Thursday, May 29, 2008

Jay Smooth Drops Knowledge

OMG Virtual Turntables!!!!

Final Product // ATTIGO TT from Scott Hobbs on Vimeo.

The ATTIGO TT was created by Scott Hobbs, a student at Dundee University studying innovative product design. Go to his site for more info. For his final year project he’s created a touch screen turntable that lets DJ’s loop, sample and scratch wave forms just as you would a record. The size of the touchtable is approximately the same as a standard turntable, making the physical interaction nearly the same. Where this takes off is in the flexibility and features included right at your fingertips, no longer locked up on a computer screen. The ATTIGO TT is currently a working prototype, and Scott is looking for manufacturers to partner with.

The Cool Kids "Bake Sale" EP

The rebirth of fresh is upon us. '80s and early '90s style, positive party vibes, a new school twist. These are the things Chicago's Cool Kids represent. In the last year they've been featured on Entourage, placed a song on NBA LIVE and toured with M.I.A. Their debut EP "The Bake Sale" is now out on Chocolate Industries.

Puma X Santa Cruz "Screaming Hand"

The Screaming Hand is perhaps the most iconic & legendary graphic to emerge from skateboard culture over the last 30 years. Created by Jim Phillips, legendary rock poster artist & art director for Santa Cruz skateboards from 1975 –1990, this release is a tribute to Santa Cruz Skateboards, Jim Phillips and all the skaters that rocked PUMA’s back in the day.

First unleashed in 1987, the Screaming Handgraphic became an instant classicwithin the skate community and counter culture in general. During the same year, the PUMA First Round made an appearance onthe cover of "Thrasher" skateboard magazine. 33 years later, PUMA takes a look back to honor Santa Cruz, perhaps themost credible skate brand of the 1980‘s and today and pays homage to the skaters wearing the PUMA brand between 1987 –1992.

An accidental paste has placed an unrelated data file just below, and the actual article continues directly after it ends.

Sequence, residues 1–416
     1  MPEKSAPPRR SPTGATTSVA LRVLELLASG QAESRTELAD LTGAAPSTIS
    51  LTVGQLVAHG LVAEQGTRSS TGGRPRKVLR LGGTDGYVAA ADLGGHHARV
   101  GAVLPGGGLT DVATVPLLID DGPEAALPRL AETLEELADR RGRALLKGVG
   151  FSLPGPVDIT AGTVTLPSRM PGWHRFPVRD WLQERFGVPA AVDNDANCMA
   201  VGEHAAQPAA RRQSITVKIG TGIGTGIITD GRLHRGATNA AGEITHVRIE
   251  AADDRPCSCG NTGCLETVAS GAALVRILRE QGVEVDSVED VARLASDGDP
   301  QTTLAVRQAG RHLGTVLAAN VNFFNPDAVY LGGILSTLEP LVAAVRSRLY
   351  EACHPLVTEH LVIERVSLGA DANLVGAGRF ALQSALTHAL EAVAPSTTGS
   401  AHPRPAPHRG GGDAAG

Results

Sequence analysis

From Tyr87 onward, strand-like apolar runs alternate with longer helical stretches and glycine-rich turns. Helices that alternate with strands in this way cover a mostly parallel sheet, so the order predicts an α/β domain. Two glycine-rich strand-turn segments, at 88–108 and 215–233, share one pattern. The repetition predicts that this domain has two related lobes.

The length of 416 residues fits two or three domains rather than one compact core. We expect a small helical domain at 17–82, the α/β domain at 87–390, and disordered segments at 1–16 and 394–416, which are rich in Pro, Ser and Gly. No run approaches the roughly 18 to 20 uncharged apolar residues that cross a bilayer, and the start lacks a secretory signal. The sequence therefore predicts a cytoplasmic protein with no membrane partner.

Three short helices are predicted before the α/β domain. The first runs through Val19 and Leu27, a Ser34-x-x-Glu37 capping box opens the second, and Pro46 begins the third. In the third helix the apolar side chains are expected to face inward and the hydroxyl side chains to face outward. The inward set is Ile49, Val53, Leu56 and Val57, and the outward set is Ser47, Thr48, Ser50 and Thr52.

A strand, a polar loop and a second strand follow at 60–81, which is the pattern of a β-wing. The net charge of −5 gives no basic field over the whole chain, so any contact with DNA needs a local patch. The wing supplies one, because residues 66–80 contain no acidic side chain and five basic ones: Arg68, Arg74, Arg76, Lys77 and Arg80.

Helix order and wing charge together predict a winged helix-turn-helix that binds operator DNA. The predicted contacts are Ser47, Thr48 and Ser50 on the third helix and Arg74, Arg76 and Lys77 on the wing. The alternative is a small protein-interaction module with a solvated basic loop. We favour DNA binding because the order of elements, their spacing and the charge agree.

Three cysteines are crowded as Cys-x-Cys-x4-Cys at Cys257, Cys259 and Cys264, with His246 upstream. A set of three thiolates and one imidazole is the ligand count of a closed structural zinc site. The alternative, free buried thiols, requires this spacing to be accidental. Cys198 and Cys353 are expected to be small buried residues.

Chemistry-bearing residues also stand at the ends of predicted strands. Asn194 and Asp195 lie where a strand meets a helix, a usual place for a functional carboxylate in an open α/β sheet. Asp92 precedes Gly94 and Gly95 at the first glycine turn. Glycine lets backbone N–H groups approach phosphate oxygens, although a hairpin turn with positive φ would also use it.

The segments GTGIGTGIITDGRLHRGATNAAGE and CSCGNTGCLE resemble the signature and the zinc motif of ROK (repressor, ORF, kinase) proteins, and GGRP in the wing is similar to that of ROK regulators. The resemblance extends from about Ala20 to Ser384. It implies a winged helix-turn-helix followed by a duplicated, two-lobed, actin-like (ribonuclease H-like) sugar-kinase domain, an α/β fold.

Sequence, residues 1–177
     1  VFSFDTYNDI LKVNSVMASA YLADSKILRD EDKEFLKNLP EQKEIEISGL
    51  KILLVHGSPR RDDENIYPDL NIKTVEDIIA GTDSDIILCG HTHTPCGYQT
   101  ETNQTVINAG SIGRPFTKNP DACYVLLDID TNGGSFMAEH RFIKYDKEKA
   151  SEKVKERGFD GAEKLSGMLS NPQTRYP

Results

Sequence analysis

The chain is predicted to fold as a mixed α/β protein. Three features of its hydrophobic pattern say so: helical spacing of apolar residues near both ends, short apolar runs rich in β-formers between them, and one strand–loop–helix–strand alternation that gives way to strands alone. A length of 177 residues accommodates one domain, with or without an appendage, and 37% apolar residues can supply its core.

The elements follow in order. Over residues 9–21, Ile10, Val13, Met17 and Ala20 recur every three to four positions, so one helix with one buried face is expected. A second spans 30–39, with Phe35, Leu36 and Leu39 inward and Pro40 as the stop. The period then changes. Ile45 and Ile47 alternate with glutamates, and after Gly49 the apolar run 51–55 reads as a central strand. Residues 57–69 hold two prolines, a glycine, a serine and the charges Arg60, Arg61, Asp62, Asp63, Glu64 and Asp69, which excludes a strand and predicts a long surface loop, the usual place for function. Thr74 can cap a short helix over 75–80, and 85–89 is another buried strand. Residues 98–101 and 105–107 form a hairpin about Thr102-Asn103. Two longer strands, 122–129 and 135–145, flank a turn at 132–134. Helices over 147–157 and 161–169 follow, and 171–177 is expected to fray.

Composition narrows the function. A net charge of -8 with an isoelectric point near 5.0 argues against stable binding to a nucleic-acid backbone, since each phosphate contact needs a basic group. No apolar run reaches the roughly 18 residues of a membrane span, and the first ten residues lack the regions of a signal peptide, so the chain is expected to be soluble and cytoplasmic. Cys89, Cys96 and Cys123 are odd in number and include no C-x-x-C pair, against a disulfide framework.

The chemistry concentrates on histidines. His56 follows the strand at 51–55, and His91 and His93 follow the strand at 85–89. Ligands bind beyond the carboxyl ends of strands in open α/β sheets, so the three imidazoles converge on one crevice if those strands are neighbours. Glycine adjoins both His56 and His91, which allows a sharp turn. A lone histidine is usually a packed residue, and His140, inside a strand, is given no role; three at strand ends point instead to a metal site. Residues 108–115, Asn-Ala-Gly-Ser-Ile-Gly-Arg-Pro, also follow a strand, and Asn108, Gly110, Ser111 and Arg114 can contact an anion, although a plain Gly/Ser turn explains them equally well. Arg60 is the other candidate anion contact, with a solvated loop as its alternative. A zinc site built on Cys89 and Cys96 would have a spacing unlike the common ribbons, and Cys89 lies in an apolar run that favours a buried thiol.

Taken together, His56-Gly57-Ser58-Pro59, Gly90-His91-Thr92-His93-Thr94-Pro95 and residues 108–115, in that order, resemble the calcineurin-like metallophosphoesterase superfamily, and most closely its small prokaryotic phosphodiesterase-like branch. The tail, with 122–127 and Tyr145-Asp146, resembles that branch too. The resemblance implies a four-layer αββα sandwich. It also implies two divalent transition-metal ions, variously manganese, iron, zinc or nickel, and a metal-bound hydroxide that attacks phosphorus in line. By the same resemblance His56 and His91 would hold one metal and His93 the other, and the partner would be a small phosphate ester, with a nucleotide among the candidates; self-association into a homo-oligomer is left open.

The First Round Hi features a blue nubuck upper with a glossy 3Dscreen-print highlighting the black line-work found on the Screaming Handgraphic. The heel has amolded silicon Screaming Handgraphic and the sockliner sports an enlarged versionof the graphic. Other features include a pearlized patent form strip and collar, blood and veins leather lining, embroidered Santa Cruz logo on the tongue and 4 lace options.

Hanon will be releasing the shoe on August 30th.

Bomb It! Graffiti Documentary

Bomb It! is a movie documentary that tells the history and updates the current story on Graffiti on an international perspective. Directed by award-winning director Jon Reiss. the movie takes you through interviews and guerilla footage of graffiti writers in action on 5 continents, and tells the story of graffiti from its origins in prehistoric cave paintings thru its notorious explosion in New York City during the 70's and 80's. As well as providing an update to the current status in the world of graffiti. The movie premiers on the 5th of June at Laemmle's Sunset 5 and will feature some of the most influential artists from all around the globe, along with old school legends as well as current favourites such as Taki 183, T-kid, Os Gemeos, TATS CRU, Cope 2, Mear One, and Blek le Rats just to name a few. Certainly an event worth checking out if you are in the area. Click on the image below to see the full promotion poster or Visit the website here for more infomation. Thanks to 12ozProphet for the heads up.